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CERN, ESS, and ERF organize the first international workshop on better energy management for Big Science

Lund, 13 October 2011. For the first time, international experts on energy and representatives from large-scale laboratories are getting together to explore new ideas on energy management, identify best practices and implement ways of effective collaboration. This community meets today in Lund, Sweden, at the European Spallation Source (ESS) for a 2-day workshop co-organized by CERN1, ESS and the European Association of National Research Facilities (ERF).

This workshop places the questions of better energy management in Big Science definitively on the international science agenda,” said Thomas Parker, ESS Energy Manager. “We are honoured that the entire European large-scale laboratory community, as well as overseas guests, have come to Lund and we see this as a sign that the ideas that we have promoted are catching on.”

"The idea of promoting this workshop comes from our commitment to share and improve energy management policies with other large-scale laboratories and organizations," said Frédérick Bordry, Head of CERN’s Technology Department. “Energy management is, and will be increasingly, a mandatory key criterion in the design and operation of accelerators, and more generally for scientific facilities. It should not be seen as a constraint but as an opportunity to have more efficient installations and to make a concrete contribution to energy and environmental issues. The workshop is also an opportunity for presenting technologies from CERN that can play a role in the improvement of energy efficiency and quality.”

The workshop will focus on: efficiency and optimization of energy supply, energy recovery, storage and stability; challenges for heat recycling systems and water saving (energy conversion, heat recovery, high-temperature cooling loops). The discussion will also explore current and future strategic and financial challenges.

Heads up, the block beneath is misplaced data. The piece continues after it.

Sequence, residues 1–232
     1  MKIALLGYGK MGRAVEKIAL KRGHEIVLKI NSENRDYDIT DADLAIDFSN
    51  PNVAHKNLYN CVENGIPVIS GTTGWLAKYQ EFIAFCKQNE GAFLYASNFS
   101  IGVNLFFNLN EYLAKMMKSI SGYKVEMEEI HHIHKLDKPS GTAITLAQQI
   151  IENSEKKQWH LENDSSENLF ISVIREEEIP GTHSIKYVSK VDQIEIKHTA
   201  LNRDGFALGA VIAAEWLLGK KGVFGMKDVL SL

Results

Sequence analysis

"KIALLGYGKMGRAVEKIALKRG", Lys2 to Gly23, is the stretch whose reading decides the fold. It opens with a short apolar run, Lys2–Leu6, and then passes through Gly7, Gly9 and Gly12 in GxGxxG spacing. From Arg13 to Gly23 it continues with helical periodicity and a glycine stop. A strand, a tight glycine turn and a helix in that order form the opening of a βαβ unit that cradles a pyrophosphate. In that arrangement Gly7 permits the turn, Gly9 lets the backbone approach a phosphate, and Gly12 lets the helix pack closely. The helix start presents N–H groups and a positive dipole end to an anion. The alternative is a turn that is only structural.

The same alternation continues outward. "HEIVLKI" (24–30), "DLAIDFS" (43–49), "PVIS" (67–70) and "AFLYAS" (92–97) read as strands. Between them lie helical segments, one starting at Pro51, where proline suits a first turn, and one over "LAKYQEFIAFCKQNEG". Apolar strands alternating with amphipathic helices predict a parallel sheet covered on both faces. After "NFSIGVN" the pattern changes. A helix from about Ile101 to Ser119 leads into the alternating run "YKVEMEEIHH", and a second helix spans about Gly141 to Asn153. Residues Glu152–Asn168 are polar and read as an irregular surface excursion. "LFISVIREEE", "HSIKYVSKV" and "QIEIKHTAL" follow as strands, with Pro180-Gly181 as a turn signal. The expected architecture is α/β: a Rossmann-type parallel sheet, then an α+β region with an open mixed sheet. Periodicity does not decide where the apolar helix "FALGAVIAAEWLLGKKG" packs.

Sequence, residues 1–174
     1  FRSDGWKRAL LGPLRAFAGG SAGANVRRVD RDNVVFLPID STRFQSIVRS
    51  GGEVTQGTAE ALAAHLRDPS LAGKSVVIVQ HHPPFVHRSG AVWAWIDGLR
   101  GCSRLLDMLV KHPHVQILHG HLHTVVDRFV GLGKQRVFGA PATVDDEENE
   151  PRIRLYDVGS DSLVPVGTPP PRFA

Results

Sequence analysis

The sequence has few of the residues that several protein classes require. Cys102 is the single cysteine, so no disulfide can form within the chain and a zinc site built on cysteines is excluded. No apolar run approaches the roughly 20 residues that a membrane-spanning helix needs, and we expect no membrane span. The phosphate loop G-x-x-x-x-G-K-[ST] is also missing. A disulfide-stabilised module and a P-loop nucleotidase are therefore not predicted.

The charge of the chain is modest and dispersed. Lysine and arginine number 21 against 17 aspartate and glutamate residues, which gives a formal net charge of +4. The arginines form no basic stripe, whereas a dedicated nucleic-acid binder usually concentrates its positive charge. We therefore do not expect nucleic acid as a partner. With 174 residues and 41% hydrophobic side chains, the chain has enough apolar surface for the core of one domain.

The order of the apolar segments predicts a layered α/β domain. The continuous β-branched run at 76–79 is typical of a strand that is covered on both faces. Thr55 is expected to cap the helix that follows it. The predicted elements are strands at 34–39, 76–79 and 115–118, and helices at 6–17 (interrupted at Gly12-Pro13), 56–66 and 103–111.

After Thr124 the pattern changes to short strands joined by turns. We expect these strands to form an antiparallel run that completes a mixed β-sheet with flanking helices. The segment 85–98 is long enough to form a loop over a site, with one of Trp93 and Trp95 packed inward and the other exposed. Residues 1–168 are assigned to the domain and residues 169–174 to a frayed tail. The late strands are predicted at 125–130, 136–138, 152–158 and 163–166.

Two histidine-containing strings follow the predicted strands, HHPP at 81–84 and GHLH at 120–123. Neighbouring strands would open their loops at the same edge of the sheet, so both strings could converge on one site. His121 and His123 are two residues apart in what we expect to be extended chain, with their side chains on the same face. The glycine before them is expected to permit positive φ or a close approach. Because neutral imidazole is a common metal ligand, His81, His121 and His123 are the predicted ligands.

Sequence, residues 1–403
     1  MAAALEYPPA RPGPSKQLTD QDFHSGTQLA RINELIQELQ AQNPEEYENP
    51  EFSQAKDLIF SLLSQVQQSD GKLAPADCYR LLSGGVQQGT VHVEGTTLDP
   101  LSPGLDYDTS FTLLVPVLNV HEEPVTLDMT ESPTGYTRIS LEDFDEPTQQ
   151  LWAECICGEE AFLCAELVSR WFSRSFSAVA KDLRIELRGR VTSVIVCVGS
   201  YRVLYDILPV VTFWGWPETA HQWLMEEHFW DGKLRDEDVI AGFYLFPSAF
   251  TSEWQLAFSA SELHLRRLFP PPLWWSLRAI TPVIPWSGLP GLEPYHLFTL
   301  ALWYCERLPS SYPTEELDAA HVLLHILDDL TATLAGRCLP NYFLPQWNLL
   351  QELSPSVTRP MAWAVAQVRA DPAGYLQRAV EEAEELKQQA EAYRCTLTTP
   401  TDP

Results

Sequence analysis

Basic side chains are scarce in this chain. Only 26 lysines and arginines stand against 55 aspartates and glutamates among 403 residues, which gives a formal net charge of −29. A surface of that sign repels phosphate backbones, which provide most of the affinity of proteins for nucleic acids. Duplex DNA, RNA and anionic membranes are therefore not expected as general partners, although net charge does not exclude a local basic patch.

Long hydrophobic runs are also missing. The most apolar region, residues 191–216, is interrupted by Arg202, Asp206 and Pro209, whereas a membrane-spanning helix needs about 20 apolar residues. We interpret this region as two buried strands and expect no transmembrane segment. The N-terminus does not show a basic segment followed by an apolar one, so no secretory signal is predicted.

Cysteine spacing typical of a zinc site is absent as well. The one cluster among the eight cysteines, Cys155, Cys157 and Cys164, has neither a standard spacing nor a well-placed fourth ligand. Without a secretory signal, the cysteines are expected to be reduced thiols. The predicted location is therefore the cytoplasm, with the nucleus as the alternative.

Large-scale European research infrastructures attract the best researchers through the quality of their cutting-edge technical support, so the technical and managerial staff are continuously developing the best relevant technologies. Many of these are of interest to society and are connected to big challenges, such as improving the production and use of energy,” said Carlo Rizzuto, President of Sincrotrone Trieste and Chair of ERF. ”The idea of the conference is to make the most of the laboratories' capabilities in this context - whether the large analytical laboratories such as ERF and ESS or the large physics laboratories such as CERN. We aim to improve the capability to introduce and demonstrate techniques and approaches that save energy and minimize the carbon footprint."

Further information:


ESS, Marianne Ekdahl
Communications Officer - Press & Politics, marianne.ekdahl@esss.se
Phone: +46 (0) 46 222 83 89
SMS: +46 (0) 761 33 33 97

CERN, the European Organization for Nuclear Research, is the world's leading laboratory for particle physics. It has its headquarters in Geneva. At present, its Member States are Austria, Belgium, Bulgaria, the Czech Republic, Denmark, Finland, France, Germany, Greece, Hungary, Italy, the Netherlands, Norway, Poland, Portugal, Slovakia, Spain, Sweden, Switzerland and the United Kingdom. Romania is a candidate for accession. Israel is an Associate Member in the pre-stage to Membership. India, Japan, the Russian Federation, the United States of America, Turkey, the European Commission and UNESCO have Observer status.